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Gardening

These Edible Plants Will Thrive in a Container Garden

A few big pots can yield a bountiful and delicious harvest

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You don’t need acres of land and the sweat of your brow to grow vegetables — a few big pots can yield a bountiful and delicious harvest. Gardening in containers keeps produce off the ground, making diseases less likely, and if a plant is wilting in the sun, you can simply move it into the shade. Grow your favorites, or try some of the new, compact varieties specifically bred for the container garden.

Best Edible Plants for a Container Garden

Blueberries » Yes, blueberries. Standard bushes can grow 6 feet tall, but smaller varieties top out at 2 to 3 feet. One thing blueberries need to thrive is acidic soil—use a soil mix especially for blueberries, azaleas, or rhododendrons. Try dwarf varieties “Jelly Bean” (Raintree), “Sunshine Blue” (Peaceful Valley), or “Top Hat” (Burpee).

Cucumbers » Grow cukes in a pot? Absolutely. Cucumbers take off in the warm soil of a container. Try bush varieties, which get about 2 to 3 feet tall (a tomato cage works well as a trellis). Varieties include “Spacemaster” (Botanical Interests), “Patio Snacker” (Territorial Seed), and “Arkansas Little Leaf” (Sow True Seed).

Hot peppers » Attractive and edible, hot peppers are the perfect ornamental for a patio or deck. Wear gloves when handling the fruits and don’t rub your eyes—pepper juice burns. Varieties include “Chinese 5-Color” (Baker Creek), “Cayenetta” (Territorial Seed), and Thai hot pepper (Botanical Interests).

Mint » Iced tea and mint juleps are just a snip away—in a pot on the patio. Mint prefers moist, rich soil; growing it in a pot keeps its rambunctious nature under control. Besides pepper- and spearmint, there are lemon, pineapple, and chocolate mint, all readily available at garden centers.

Raspberries » In the garden, raspberries grow on canes up to 8 feet tall; container varieties stay 4 feet and under. Varieties include red “Raspberry Shortcake” (Raintree) and purple “Glencoe” (Burpee)—both thornless—and the thorny but luscious “Fall Gold” (Peaceful Valley).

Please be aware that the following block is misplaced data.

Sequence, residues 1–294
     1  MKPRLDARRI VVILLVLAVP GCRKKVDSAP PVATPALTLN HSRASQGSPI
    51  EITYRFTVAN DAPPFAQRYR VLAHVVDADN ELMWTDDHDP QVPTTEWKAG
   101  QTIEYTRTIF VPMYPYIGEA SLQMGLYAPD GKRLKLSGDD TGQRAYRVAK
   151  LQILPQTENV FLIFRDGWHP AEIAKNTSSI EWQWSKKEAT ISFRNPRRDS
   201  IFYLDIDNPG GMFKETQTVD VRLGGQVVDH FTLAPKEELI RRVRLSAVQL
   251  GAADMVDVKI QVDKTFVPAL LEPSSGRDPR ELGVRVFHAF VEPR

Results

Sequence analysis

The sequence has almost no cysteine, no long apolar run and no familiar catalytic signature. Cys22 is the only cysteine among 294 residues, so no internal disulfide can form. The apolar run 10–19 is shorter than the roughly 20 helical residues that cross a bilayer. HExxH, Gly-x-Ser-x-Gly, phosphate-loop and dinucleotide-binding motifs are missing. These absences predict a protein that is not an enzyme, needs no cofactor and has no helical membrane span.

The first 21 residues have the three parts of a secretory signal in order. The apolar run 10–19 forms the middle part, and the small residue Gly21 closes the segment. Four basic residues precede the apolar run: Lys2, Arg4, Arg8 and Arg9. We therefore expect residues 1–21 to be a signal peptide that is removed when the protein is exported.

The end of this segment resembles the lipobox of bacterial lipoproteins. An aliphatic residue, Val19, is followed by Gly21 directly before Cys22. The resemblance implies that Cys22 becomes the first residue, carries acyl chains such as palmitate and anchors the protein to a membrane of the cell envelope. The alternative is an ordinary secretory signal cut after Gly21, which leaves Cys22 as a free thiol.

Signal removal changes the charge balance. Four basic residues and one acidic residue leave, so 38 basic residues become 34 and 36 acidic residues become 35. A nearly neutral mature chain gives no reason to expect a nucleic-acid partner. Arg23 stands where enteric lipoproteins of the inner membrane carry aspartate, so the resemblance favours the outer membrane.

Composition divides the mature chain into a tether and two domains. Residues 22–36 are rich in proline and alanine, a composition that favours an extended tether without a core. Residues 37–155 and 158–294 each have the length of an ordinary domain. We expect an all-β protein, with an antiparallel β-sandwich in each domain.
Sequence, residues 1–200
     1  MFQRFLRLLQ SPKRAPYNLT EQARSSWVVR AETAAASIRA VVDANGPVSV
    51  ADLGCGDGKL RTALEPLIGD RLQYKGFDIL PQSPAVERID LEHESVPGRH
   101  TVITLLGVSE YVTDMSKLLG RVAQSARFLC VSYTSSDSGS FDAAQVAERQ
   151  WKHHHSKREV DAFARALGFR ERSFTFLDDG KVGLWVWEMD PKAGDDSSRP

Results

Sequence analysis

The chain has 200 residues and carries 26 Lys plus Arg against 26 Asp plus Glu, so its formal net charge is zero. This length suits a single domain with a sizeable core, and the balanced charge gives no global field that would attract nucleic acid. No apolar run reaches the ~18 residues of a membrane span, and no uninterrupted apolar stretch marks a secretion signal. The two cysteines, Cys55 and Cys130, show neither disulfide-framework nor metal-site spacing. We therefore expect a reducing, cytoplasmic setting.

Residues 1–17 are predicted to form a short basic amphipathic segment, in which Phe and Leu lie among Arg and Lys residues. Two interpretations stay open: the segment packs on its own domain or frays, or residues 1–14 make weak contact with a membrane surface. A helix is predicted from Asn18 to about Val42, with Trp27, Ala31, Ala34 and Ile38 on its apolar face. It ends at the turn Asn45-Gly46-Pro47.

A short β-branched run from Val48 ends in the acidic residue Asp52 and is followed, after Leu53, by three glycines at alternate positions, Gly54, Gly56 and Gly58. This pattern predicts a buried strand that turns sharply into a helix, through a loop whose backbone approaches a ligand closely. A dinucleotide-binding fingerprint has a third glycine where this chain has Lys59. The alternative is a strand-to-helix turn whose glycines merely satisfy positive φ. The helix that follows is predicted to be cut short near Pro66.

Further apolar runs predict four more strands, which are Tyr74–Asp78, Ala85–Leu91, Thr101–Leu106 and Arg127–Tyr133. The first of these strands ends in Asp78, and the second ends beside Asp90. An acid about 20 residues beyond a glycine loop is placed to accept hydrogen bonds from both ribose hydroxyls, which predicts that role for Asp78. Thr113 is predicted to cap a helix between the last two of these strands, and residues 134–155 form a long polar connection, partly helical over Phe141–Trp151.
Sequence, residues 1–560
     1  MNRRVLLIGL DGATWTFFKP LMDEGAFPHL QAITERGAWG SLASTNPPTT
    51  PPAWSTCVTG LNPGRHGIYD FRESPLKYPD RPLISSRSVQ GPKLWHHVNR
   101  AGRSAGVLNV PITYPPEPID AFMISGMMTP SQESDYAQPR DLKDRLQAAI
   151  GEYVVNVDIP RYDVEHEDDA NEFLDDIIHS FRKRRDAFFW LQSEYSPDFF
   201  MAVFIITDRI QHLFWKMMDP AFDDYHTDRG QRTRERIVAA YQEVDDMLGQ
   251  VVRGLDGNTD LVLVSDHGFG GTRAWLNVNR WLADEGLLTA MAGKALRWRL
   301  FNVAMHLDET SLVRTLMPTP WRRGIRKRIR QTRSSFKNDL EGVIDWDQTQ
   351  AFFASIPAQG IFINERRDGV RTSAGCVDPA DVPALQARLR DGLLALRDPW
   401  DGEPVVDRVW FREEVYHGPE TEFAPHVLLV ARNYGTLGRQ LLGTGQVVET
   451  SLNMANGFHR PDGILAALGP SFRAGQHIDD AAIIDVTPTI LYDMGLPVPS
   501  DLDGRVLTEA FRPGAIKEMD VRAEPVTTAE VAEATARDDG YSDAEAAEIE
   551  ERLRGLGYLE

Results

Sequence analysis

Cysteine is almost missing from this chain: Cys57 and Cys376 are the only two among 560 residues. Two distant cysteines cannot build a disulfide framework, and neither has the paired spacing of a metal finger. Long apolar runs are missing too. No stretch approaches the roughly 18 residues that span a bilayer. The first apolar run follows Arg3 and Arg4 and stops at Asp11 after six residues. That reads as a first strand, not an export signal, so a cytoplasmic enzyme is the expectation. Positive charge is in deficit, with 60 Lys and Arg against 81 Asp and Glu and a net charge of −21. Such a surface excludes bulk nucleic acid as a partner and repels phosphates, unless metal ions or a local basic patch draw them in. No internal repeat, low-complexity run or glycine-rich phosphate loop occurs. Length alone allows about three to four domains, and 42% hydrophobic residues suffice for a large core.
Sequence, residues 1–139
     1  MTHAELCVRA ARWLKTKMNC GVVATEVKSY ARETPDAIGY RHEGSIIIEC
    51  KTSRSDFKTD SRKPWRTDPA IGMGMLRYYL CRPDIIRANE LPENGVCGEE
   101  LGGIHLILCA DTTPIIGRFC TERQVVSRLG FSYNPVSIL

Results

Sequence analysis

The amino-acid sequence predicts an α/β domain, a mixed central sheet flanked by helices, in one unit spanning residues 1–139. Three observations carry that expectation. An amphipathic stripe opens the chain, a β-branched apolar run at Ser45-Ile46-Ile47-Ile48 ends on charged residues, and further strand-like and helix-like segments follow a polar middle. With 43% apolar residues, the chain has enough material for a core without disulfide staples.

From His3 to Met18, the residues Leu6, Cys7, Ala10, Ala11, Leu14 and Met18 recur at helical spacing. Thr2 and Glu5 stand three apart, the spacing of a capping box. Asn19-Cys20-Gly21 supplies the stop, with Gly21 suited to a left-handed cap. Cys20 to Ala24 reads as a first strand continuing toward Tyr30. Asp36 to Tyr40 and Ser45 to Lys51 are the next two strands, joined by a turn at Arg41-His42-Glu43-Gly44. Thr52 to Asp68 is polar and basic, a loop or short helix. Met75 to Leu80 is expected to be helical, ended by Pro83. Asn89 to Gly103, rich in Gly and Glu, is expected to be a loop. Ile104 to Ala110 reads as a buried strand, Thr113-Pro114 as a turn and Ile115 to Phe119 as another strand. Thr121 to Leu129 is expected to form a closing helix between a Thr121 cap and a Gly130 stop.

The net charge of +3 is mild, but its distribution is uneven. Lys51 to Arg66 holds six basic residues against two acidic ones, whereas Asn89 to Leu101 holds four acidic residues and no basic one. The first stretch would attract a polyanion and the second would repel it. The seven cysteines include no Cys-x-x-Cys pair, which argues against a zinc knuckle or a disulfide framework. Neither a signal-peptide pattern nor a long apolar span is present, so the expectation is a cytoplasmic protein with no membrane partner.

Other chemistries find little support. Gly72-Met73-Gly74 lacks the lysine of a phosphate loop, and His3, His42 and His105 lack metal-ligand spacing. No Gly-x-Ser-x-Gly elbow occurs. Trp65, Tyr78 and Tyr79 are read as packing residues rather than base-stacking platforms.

What You Container Plants Want

Room for roots » Almost anything can be a pot in your container garden, as long as it’s large, has drainage holes, and isn’t made from (or once held) anything toxic. Start at 12 to 14 inches in diameter and 14 inches deep for a single plant, and go up from there. Planters on wheels or plant caddies make heavy containers easier to move.

The right soil » Not garden soil, which is too dense, but a porous organic potting mix made for large containers. Look for mixes made with coir (coconut-husk fiber) and amended with compost or other organic matter, which provides good drainage while conserving moisture.

Plenty of water » Potting mix dries out quickly: Water consistently, and never let containers dry out completely. If it’s hot or hasn’t rained, you might need to water once or even twice a day. Water until it runs out of the drainage holes. Don’t let a pot stand in water. In arid climates, drip irrigation is a time- and water-saver.

Enough light » Blueberries, raspberries, hot peppers, and cucumbers need eight hours of sunlight a day for an appreciable yield. Mint can get by with less. Also, make sure there is good air circulation around the pots—smart advice for any plant growing in a container.

Faithful feeding » Most potting soils contain few nutrients, so fertilizing plants is a must. Use a diluted, water-soluble fertilizer like seaweed emulsion, according to the directions on the label.